Welcome to the third and final article in a short series of articles about how to deal with clients. In the first, 'How to escape the clients from hell (opens in new tab)', I explained how to choose the right clients in the first place. In the second, '5 types of design client and how to handle them (opens in new tab)', I explained how different types of clients have different needs, and categorising them accordingly can help with organising multiple client deadlines.
Now it's time to work with the client, to get things rolling, get task lists checked off and create some amazing designs. In this article I'm going to offer to six quick but useful tips to do the best work for your client you can do, forging a lasting relationship that will keep you in well-paid work for years to come...
- Read all our career-related posts here (opens in new tab)
01. Agree forms of communication
Firstly who will be your point of contact? This should be one person only as this will keep you from searching around in your inbox for emails from different people. It will keep the project on a consistent level and you will learn from working with each other which will gradually speed up the project.
Secondly, where are important decisions made and discussed? Is it via Skype (opens in new tab), email, project management software like Basecamp (opens in new tab) or even by Dropbox (see tip 5). You need to get all these things straight at the outset.
02. Deadlines depend on content delivery
At Bangkok Design Agency (opens in new tab) we're often asked to put in penalty clauses into our proposals. We're happy to do so, with one simple condition - that content and feedback is provided by certain dates. If the client misses a deadline then the penalty clause is removed, simple as that. Often, clients then back down and we explain that it is content and feedback that really drives a project.
03. Confirm everything via email
Whatever the method is, make sure there is a paper trail to where and when decisions were made. That way, if a client screams: "I told you this two weeks ago!" you can proof whether they did or did not. Email is great for this as it has time stamps for everything.
One thing we also use is YesWare (opens in new tab) for Gmail, which tells you when an email was first opened! Very useful when the client claims to have "never received" the invoice!
04. Check your work
Before sending anything to a client, get a second opinion on your work. It's so easy to become blind and skim over mistakes as you know the whole picture. The global picture in your mind often means you miss little islands of despair such as spelling errors and grammatical mistakes that some clients get super-upset about. Double check and get it right first time.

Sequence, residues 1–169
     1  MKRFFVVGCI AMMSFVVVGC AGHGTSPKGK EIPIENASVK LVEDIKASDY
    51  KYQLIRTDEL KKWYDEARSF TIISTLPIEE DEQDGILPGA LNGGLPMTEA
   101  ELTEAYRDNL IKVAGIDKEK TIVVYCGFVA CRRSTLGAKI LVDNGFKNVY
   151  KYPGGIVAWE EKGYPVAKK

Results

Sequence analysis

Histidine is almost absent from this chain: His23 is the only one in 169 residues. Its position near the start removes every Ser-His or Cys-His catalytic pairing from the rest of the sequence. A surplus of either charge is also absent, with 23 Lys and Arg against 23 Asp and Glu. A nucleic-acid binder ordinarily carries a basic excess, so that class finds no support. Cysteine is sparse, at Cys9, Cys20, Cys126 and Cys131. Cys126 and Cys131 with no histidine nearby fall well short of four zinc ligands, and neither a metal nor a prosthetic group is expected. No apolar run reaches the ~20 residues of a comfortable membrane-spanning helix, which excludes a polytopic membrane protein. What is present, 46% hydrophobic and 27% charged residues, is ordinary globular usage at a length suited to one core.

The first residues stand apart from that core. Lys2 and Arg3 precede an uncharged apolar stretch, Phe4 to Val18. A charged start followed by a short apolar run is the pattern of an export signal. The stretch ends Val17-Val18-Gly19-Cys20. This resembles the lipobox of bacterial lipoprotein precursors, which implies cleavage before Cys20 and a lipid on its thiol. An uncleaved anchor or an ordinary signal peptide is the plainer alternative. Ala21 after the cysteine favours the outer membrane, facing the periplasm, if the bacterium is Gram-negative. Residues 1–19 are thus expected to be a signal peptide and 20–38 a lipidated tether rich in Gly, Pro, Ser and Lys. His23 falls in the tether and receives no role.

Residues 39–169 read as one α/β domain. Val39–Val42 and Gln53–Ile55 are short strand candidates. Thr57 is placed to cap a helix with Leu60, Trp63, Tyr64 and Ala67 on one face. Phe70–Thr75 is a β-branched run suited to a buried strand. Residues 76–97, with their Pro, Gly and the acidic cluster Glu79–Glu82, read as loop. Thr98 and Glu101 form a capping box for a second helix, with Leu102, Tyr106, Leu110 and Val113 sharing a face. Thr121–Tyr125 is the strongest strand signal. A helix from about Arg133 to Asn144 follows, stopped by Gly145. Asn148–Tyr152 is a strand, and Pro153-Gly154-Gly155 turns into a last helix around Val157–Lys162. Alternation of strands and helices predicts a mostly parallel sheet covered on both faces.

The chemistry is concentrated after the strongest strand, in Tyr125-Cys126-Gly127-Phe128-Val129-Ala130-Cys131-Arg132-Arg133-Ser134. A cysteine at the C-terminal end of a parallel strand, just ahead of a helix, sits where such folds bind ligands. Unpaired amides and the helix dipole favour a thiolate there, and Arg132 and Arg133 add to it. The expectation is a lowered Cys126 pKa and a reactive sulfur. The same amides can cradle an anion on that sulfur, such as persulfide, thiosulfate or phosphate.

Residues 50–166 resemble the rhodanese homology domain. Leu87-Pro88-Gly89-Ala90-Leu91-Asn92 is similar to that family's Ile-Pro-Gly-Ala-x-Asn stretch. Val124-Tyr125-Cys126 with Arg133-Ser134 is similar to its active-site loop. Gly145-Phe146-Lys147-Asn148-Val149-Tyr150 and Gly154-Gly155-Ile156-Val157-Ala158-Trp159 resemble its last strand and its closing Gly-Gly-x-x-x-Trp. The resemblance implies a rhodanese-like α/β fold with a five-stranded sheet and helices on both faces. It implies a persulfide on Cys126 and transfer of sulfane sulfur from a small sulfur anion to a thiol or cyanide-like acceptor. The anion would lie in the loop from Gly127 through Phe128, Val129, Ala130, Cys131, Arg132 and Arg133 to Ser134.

05. Use Dropbox
Collecting content is always the most difficult part so we use Dropbox (opens in new tab) as a fantastic way of collecting what we need for each section of the website. We create a sitemap in the proposal stage for quoting, so we just mirror that structure using folders in Dropbox.
We then share the folder with the client asking them to put page specific content in the corresponding folder. This saves bulky emails being sent and received, lost and deleted. Everything that goes in the Dropbox goes on the site.
06. Keep communicating!
- Answer emails within 24 hours and agree times you are not available to take calls or answer emails.
- Send simple acknowledgments that you received their comments, files etc.
- Regular updates even if they are not major milestones.
- If you are stuck on something explain it may impact the deadline. Doing this sooner rather than on the deadline date is one of the best ways of avoiding brown stuff hitting fans.
- Keep your emails accurate, to the point and give timelines to actions always. What are you doing and when will it be done. Business owners need to know when more than why or how.
Hope that helps. One of the major reasons our web design agency has been such a success is through recommendations from happy clients. We take our customer service very seriously and demand the same from our internal resources as well.
Remember, without clients, we would have no means of living so keep an open mind, keep the lines of communication open, and you'll find projects run smoothly and further work comes flooding in.
Carl Heaton is managing director of Bangkok Design Agency (opens in new tab), an agency based in Thailand that grows ideas through intelligent website and graphic design, integrated online and offline marketing.
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Do you find it easy to create great work for your clients, or are there are obstacles we haven't covered here? Share your experiences in the comments below!